Stingray feeding


Cayman Islands, Caribbean This is a wild sting ray in it’s natural environment, which is distinctly different from the other photos I’ve been showing you.

Stingrays feed in many areas of the oceanic environment, but sometimes they bury themselves in the sand. Although they can’t see well when they do this, they use their sensitive smell and electro receptors just like sharks do to locate mollusks and suck them up. Adequately crushing them with their strong jaws and teeth, protruding their mouth if they need to.


That’s what this stingray seemed to be doing, all the activity grabs the attention of nearby fish and scavengers, hoping to get some scraps or find something that’s dug up in the sand.

Photographic Details:Canon 20D Shutter Priority 1/200s f/16.0 ISO200 22mm (35mm eq:35.2mm)


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Sea fan sun rays


Cayman Islands, Caribbean I can’t get over how awesome this little underwater world is! The sun rays are beautiful, the colourful fish help anchor the shot, but what speaks to me about this photo is the inclusion of these people here: If you can snorkle, you can get these shots, just like I did. You can invest in an underwater housing from $300 up to some onholy amount, but I want you to know a shot like this is not beyond your reach!

Photographic Details:Ewa Marine housing, Shutter priority mode Canon 20D 1/250s f/5.6 ISO100 12mm (35mm eq:19.2mm)

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School of joy


Cayman Islands, Caribbean Being surrounded by a school of fish feels like nature is personifying your wonder with the colourful shapes and graceful movements of each fish as they move around you in a synchronized spectacle.

Photographic Details: A shot like this could very well be possible with one of those underwater disposable cameras. The major difference here is that I used a graduated yellow filter on the top left of the image to give this photo a more etherial feel. Next time you go on vacation, bring an underwater housing!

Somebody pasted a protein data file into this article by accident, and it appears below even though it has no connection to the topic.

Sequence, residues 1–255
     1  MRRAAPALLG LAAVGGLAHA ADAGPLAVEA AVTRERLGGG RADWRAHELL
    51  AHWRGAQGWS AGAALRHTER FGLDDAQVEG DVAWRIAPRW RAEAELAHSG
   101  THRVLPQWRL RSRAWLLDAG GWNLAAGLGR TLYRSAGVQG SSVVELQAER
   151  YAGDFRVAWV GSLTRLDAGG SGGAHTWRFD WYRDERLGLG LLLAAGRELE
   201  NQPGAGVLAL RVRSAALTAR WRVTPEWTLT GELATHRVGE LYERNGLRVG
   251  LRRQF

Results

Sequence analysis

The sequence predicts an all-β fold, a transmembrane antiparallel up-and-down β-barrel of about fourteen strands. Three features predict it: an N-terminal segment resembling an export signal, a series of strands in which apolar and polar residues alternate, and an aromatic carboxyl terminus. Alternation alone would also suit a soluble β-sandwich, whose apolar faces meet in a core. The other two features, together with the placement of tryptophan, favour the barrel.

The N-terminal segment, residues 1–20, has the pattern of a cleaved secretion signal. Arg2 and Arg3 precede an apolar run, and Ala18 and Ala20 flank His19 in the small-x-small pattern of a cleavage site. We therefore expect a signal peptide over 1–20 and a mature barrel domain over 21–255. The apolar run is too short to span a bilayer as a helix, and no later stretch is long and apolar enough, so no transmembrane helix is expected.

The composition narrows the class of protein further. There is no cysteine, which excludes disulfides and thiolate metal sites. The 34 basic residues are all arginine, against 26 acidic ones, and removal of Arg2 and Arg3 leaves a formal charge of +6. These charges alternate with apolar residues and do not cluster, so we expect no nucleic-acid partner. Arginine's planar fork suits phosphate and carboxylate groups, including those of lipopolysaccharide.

Ewa Marine housing, Shutter Priority mode Canon 20D 1/250s f/5.0 ISO100 12mm (35mm eq:19.2mm)

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Down where it’s wetter


Cayman Islands, Caribbean The pure joy of swimming through the colourful world below the ocean is as palpable as the ocean currents that sway the corals and creatures under the sea. Fancy diving gear and scuba training isn’t necessary for a photo like this. Just a snorkel, mask and fins can get you to beautiful places like this (after the plane ticket that is).

Photographic Details: I would hold my breath and dive down with my camera in my $300  Ewa Marine bag, most other underwater solutions start at around $3000. It’s an underwater housing for the casual underwater photographer who wants to bring their SLR. Because it’s a bag type housing I’ve been able to fit three generations of cameras inside it, not having to buy a new one every time I get a camera with different configurations. The only thing you have to be weary of is that you need to fill it up with the correct amount of air for the depth that you will be diving to, I’ve taken this to 70 feet underwater.

Because the buttons are a bit difficult to get to, I just set the camera to shutter priority mode and a decent speed of 1/250s to ensure any movement from the currents wouldn't cause problems for me, I was wiggling around a lot in that water!

Canon 20D Shutter Priority: 1/250s f/4.5 ISO100 12mm (35mm eq:19.2mm) Canon 10-22mm Lens.

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Sting ray city


Cayman Islands, Caribbean These stingrays have become quite accustomed to people seeking a close encounter with them. Aware that we would not hurt them, their guard is down and I can tell even by their body language that they are very comfortable around us. Diving around stingrays in unpopulated areas I could see a stark contrast in the distance they keep from me with the way they wearily glide in the water. This tells me they don’t know what I am and don’t want to find out.

However upon arrival in sting ray city a floating gelatinous pancake of a stingray gingerly glides towards me, instantly smooshing into my body with it’s soft underbelly in hopes of sucking a squid out of my hand. Their small poisonous barb used for defence is in the lowered position, where I can even run my hand across it without incident. These stingrays would circle around me, brush up against me and even seemed to enjoy its encounter and free meal.

I used the same techniques that are further outlined in this post: